Career Skills Development: First Impressions - Lasting Conclusions
By Cindy Powell, President, Bespoke Management and Technology Services LLC

 

Oliva Fox Cabane, a Forbes columnist, teacher, lecturer and career coach sums up the importance of a first impression; “Within a few seconds, with just a glance, people have judged your social and economic level, your level of education, and even your level of success.  Within minutes, they’ve also decided your levels of intelligence, trustworthiness, competence, friendliness and confidence.  Although these evaluations happen in an instant, they can last for years; first impressions are often indelible.”

 

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What does it mean to make a good first impression?   According to a Harvard Business School study, there are two impressions formed during a first time meeting.  If we want to turn an introduction into a longer term relationship, we need to present ourselves as both “warm” and “trustworthy”.    Warmth helps your new acquaintance feel better about your intentions toward them.  A feeling of good intentions motivates the other party to trust what you have to say.  While warmth can be exhibited through mannerisms, body language and greetings, it is the conversational part of the meeting that will be instrumental in presenting yourself as trustworthy.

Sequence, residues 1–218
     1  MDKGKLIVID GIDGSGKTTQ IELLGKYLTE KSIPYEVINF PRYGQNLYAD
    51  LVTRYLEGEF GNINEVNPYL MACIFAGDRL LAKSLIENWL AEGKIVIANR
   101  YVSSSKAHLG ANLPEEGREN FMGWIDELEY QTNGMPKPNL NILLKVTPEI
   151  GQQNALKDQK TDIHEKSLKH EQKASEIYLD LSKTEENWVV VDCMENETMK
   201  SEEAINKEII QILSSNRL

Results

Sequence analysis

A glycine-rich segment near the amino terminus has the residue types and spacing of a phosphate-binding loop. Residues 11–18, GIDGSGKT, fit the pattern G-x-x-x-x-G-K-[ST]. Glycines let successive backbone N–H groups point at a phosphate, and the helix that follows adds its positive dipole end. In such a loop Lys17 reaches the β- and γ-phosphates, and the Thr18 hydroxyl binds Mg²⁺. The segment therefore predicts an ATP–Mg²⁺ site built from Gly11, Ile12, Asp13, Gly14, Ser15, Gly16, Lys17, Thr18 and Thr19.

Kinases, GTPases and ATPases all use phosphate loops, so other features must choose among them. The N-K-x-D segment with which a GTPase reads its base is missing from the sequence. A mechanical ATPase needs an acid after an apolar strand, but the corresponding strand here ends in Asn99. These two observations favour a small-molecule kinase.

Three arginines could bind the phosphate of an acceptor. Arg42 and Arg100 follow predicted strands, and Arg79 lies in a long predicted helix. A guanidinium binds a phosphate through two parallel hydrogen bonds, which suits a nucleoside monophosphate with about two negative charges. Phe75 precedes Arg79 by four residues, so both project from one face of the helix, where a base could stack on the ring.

Some experts say that it only takes a few seconds to form that first, and lasting image of who you are.  When meeting someone for the first time appearance counts.  Clothing, grooming, body language, and manners set the tone for the rest of the interaction.   A strong handshake is usually a good way to start.  Maintaining consistent eye contact helps confirm your interest, while standing too close may be perceived as aggressive or disrespectful of personal space.  Never talk on your cell phone, or even let it continue ringing.  Likewise avoid arriving late or appearing rushed by frequently checking your watch.   Once you have moved past those first few seconds, when appearance is what matters, you will be in a better position to continue toward attaining the trustworthy component of a good first impression.

Often our first meeting (and sometimes the entire ensuing relationship) is a telephone call.  In these situations, appearance doesn’t matter at all.  The tone and content of verbal communications is critical to all first meetings, regardless of where and how you meet.

Begin your introduction with a warm greeting.  Be nice, attentive, friendly and engaging.   Try to represent yourself authentically to begin building trust.  Be a good listener, showing interest in what matters to the person you are meeting.  When it is appropriate, use your sense of humor, but never infuse that with slang or comments that may offend.   Try not to interrupt or dominate the conversation and refrain from being longwinded or boastful.   With a focus on these general communication skills, you are more likely to gain and hold the attention of others so that you can expand the conversation to your desired topics.

 For seasoned professionals, many of these tips will already be second nature.   Still, it might be helpful to pause and evaluate your own style for new introductions, not only as a refresher for yourself, but also to consciously insure you are being an effective role model for junior colleagues and staff.  First impressions have lasting impact, so time will not be wasted by developing and maintaining an effective approach.